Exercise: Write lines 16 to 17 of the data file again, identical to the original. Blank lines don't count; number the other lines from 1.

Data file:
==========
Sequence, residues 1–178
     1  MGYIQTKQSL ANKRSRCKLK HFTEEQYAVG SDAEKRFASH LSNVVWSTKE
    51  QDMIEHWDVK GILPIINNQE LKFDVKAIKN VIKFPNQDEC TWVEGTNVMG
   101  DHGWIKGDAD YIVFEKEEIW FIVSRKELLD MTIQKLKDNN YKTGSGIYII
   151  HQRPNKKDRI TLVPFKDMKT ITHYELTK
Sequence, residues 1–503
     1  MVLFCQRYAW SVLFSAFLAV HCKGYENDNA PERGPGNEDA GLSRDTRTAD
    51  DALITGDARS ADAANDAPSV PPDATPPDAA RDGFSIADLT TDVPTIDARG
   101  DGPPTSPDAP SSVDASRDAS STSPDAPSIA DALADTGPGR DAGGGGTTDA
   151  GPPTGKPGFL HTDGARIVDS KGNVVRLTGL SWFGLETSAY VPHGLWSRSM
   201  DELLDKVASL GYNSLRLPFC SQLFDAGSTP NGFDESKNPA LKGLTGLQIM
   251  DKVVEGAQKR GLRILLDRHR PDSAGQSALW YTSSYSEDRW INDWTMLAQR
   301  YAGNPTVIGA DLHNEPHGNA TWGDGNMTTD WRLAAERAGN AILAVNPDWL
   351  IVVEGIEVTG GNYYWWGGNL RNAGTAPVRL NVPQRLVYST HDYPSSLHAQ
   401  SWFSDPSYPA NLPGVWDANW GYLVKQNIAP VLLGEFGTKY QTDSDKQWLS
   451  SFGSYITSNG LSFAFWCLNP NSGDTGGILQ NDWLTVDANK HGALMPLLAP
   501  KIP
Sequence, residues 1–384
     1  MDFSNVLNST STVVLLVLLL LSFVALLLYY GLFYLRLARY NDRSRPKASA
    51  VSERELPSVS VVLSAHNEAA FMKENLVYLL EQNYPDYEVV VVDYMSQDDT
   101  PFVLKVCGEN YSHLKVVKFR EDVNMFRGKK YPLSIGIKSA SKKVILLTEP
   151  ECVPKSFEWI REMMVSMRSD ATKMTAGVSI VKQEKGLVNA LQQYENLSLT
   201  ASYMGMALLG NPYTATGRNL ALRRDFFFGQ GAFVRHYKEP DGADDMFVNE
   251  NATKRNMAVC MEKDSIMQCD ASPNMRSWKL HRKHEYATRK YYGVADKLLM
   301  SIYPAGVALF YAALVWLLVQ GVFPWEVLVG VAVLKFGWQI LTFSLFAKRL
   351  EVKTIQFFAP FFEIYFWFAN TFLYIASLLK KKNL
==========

   451  SFGSYITSNG LSFAFWCLNP NSGDTGGILQ NDWLTVDANK HGALMPLLAP
   501  KIP